Buzzwords abound in IT, and insurance is not spared their proliferation. But not all buzzy technologies are viewed equally at the highest levels of technology and business decision-making.
For example, while most companies' mobile strategies don't take ROI into account, the view of big data and analytics projects is not so freewheeling. Dennis Sullivan, chairman of the Robert E. Nolan consultancy, said in opening remarks at the MajescoMastek 2012 User Conference this morning that "ROI is paramount in the discussion around big data."
"If I'm going to spend that money, where is the payback?" Sullivan elaborated. "If I have $100,000 or $500,000 to invest in a big data project, where is it going to fit into my processing? Is it underwriting? Marketing?"
This makes sense, however. While simply the presence of robust, advanced mobile applications and capabilities go a long way toward showing that companies are worth doing business with, big data is much more of an enabler than a means to an end in and of itself. While there are plenty of ways that it improves the customer experience, they all require it working in concert with some other area of the business -- including mobility.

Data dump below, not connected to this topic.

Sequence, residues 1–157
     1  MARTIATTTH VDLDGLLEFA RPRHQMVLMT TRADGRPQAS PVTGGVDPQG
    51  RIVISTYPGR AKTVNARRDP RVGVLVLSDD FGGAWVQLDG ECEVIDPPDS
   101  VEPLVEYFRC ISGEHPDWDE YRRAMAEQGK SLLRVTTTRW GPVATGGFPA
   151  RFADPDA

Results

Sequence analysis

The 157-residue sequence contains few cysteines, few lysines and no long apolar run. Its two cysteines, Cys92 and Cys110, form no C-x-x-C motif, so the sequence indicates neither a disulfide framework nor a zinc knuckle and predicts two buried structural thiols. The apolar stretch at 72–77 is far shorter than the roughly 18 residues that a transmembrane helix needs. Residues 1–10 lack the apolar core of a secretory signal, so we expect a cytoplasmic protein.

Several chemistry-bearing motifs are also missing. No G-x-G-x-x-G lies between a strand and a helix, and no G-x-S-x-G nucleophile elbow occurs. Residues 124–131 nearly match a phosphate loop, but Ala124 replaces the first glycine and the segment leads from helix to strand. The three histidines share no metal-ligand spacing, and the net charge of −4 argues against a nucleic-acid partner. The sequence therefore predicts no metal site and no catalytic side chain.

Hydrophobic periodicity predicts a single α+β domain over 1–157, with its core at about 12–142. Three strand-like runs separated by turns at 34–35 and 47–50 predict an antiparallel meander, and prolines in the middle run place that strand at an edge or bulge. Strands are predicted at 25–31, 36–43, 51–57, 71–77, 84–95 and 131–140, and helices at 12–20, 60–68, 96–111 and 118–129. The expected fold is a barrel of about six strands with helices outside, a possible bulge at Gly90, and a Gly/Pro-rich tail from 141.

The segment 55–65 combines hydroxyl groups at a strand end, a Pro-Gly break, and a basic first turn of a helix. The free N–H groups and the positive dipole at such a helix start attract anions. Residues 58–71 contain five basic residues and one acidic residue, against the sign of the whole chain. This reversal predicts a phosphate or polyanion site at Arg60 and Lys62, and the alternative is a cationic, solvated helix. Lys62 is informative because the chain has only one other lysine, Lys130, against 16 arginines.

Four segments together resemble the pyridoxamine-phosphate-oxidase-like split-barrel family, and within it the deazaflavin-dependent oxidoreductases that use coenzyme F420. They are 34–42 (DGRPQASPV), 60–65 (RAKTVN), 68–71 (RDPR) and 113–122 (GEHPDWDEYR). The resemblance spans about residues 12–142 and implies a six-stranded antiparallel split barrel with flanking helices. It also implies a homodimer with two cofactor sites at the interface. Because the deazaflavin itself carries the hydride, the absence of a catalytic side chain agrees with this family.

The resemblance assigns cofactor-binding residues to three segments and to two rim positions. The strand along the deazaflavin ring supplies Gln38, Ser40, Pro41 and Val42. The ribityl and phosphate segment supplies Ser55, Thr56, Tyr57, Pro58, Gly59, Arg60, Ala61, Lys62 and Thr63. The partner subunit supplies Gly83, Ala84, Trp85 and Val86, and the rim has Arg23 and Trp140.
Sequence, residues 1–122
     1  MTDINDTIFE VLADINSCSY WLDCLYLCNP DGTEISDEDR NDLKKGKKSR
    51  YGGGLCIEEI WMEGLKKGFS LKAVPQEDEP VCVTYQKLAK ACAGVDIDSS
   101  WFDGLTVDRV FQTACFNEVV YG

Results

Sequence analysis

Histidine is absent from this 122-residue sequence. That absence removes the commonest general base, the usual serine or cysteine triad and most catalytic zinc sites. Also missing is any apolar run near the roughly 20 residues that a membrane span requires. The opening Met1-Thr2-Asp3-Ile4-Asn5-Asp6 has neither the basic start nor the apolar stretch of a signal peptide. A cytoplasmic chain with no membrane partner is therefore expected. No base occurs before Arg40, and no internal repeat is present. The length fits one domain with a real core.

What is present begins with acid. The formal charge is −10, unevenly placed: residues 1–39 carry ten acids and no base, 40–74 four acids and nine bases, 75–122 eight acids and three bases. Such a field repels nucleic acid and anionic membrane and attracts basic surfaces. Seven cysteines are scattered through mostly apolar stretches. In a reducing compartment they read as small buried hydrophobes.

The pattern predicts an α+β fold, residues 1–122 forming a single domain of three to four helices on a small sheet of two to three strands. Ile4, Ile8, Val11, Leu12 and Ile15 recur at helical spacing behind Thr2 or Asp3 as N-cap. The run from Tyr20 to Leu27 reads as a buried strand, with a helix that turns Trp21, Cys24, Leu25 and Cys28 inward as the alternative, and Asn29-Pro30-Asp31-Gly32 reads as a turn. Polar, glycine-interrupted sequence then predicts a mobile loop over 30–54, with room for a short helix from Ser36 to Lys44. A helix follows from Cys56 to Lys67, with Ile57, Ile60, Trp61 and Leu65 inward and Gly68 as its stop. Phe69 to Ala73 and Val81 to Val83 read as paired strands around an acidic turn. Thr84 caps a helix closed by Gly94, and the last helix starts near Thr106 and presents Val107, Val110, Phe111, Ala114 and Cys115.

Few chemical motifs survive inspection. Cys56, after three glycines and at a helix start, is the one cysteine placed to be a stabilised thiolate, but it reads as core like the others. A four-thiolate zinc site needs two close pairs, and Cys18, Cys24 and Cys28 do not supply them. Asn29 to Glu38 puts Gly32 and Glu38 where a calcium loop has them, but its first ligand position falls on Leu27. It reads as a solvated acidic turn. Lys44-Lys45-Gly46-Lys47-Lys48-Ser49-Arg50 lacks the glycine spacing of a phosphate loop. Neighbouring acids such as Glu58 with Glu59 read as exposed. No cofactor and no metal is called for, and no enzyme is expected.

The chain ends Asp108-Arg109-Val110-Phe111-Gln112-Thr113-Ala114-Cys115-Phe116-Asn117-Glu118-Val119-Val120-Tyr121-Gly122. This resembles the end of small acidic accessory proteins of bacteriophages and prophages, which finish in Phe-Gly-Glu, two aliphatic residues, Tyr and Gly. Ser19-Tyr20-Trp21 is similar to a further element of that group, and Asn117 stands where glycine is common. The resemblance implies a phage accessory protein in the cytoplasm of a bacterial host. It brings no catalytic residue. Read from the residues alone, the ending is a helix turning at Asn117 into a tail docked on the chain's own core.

For example, in a later session, Murali Natarajan, VP of IT for RLI Insurance noted that it's at the places where big data and other business processes or disruptive technologies converge that offers the greatest value for all. He gave this example of how big data and mobility could combine to smooth and speed customer acquisition.
"Imagine a customer go to a house, you take their location [via mobile] and based on latitute and longitude, you know the parcel and the construction type is," he explained. "Then it's just about what limits you want. It changes the dynamic — it's not going to a website and typing in pages and pages of information."